Daniel Greenwell, Auburn University | Masters Student My horticultural “awakening” came after community college when I worked at a garden center. Since then, my passion has been for digging deeper into plant science and best landscape practices and then presenting that knowledge in engaging ways. Interning at Longwood Gardens and the UGA Cooperative Extension Service has given me great perspectives on how to engage the public with creative education programs. At Auburn University, I’m currently researching how soil surfactants can be used to potentially reduce plant transpiration.

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Uncertainty Prevails Charlie Hall, PhD, Texas A&M

There are very few red flags among current economic indicators to suspect any surprises in economic performance in the first couple of quarters of 2017. Even the projected increases in interest rates by the FOMC will likely have a minimal impact. One of the continuing bright spots in the coming year is the housing market, a prime influencer of derived demand for green industry products and services. Demographics and the rate of household formation suggests that housing starts this year will range from 1.2 to 1.3 million starts, and will gradually increase to around 1.5 million by 2020. This should be a sustainable level of housing going forward. Residential investment and housing starts are two of the best leading indicators for the green industry economy, so this suggests industry growth in 2017. In fact, an econometric forecast of historic personal consumption expenditures on plant sales indicates that, holding all other things constant, the market for ornamental crops will continue to rise through 2019. With the first quarter of 2017 over, we still have an incomplete picture of the economy. First quarter spending was moderately strong but slower than in the 4th quarter 2016. Job and wage growth has been supportive, but while nominal average hourly earnings rose 2.8% year-over-year, they are basically even after adjusting for inflation. Households have also experienced delayed tax refunds, higher rents, and a first-quarter reset of health insurance deductibles. As it is, the first quarter is typically a transitional period for most households. Many elect to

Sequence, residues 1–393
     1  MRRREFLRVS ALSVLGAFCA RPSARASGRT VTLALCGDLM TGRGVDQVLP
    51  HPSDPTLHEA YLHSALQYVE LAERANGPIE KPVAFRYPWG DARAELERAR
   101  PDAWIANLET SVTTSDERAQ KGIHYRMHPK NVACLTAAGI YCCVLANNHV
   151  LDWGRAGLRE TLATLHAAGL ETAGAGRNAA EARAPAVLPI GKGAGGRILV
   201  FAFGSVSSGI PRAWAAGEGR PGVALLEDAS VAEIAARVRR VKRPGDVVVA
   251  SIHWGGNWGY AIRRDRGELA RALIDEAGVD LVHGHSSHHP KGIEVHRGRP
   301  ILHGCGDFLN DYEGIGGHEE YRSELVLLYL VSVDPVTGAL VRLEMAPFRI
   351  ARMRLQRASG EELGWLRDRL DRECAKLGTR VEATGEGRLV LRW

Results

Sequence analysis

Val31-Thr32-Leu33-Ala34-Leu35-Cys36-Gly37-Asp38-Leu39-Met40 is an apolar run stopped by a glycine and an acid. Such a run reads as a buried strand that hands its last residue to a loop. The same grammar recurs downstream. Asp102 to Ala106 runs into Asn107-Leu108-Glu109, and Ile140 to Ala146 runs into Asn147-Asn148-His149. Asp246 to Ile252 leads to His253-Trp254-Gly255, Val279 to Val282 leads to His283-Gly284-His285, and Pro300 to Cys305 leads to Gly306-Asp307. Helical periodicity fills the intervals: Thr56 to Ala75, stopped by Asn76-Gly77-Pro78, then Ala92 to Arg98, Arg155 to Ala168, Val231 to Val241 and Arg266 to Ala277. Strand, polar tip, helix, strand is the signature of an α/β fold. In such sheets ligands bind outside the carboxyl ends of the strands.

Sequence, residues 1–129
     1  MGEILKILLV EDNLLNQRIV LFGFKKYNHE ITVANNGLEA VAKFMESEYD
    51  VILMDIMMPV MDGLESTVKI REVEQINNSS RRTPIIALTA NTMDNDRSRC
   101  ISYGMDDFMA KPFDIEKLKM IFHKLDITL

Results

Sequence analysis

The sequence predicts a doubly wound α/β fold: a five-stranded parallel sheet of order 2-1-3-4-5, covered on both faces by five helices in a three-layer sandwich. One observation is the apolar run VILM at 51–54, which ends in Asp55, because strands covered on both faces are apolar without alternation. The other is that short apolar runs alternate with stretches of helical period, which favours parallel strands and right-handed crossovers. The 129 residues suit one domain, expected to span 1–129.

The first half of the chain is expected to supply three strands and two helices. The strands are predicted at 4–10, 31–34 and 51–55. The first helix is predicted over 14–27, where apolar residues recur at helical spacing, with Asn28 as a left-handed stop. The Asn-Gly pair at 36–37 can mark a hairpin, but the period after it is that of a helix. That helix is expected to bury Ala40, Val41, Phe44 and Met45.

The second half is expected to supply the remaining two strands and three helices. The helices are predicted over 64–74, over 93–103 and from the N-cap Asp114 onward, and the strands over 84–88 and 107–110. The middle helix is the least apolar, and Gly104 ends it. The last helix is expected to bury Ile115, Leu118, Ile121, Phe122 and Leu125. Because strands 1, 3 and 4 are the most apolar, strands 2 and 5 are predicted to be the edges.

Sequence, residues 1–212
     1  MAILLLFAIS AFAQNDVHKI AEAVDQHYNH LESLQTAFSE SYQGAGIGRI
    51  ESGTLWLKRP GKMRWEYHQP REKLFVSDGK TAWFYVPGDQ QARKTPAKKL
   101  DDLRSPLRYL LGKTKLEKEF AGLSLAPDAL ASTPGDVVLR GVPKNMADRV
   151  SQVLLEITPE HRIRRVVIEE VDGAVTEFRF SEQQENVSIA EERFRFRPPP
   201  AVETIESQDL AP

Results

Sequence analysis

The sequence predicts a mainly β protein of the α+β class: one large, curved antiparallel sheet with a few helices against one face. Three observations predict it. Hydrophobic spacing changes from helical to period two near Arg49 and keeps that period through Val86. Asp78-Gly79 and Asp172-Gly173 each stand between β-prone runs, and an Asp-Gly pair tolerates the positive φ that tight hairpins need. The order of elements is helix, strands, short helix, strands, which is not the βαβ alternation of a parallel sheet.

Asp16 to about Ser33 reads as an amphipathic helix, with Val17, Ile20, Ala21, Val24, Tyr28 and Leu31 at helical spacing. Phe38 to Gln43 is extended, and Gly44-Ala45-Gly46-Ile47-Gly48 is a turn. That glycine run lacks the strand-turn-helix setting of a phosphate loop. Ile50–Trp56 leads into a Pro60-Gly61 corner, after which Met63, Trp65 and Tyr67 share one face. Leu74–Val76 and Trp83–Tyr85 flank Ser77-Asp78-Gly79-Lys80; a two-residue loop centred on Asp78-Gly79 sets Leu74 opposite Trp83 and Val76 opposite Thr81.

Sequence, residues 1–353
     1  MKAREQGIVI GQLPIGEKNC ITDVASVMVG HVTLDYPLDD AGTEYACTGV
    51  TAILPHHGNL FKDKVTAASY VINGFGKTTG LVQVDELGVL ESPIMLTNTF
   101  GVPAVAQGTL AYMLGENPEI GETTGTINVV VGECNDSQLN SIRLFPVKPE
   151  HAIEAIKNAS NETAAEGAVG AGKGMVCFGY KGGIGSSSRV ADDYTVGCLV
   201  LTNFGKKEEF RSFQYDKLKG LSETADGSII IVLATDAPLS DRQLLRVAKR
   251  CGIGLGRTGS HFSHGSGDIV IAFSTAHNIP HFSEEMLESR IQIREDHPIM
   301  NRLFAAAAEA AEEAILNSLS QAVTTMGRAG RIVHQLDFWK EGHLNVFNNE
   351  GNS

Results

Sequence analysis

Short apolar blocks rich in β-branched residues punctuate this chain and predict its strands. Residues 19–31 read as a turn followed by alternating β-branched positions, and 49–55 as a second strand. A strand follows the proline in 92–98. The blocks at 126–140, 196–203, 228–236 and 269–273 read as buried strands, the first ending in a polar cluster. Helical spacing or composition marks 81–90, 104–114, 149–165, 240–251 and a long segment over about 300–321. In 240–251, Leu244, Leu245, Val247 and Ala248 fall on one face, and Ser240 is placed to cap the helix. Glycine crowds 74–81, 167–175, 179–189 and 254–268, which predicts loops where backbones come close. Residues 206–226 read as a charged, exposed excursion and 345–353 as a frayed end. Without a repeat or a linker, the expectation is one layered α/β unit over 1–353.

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pay down debt incurred during the holiday shopping season, but weather and seasonal adjustments often distort the picture. Still, the fundamentals remain sound, but I will be paying close attention to job data over the next few months, as they will be an important gauge. The next challenge in Washington will be tax reform, and this has only been made more difficult by the failure of the healthcare bill. The President has promised a reduction in taxes for individuals and corporations, while keeping the process “revenue neutral,” meaning it will require no increase in the budget deficit. If the top brackets for both corporations and individuals were brought down to 20% and 25%, respectively, the loss of revenue would be considerable and some have suggested limiting deductions to offset the loss. But limiting deductions will not solve the “revenue neutral” problem entirely, and funds will have to be found elsewhere. Potential sources include eliminating interest deductibility and creating a border adjustment tax. The real estate industry is among those that would be hurt considerably by the former, and the retail industry would be hurt seriously by the latter. Both groups are making their views heard in Congress. The result is that any tax reduction plan will likely be moving forward very slowly. As I said in my last Charlie’s Angle video, there are few red flags, economicallyspeaking. Legislatively, well that’s another issue. But if the weather cooperates this spring, it should be a good time for the green industry to “make hay” as the saying goes.

Charlie Hall, PhD Texas A&M c-hall@tamu.edu

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Make time to make money. July 15–18, 2017 | Columbus, OH USA AmericanHort.org/Cultivate

2017:May | 15

Professional Development A Better Business

Demaline Family Willoway Nursery Avon, OH

Learn more at Cultivate17.org

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Succession Planning in a Family Business: A Workshop for Business Leaders


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AmericanHort Connect May 2017  

AmericanHort Connect May 2017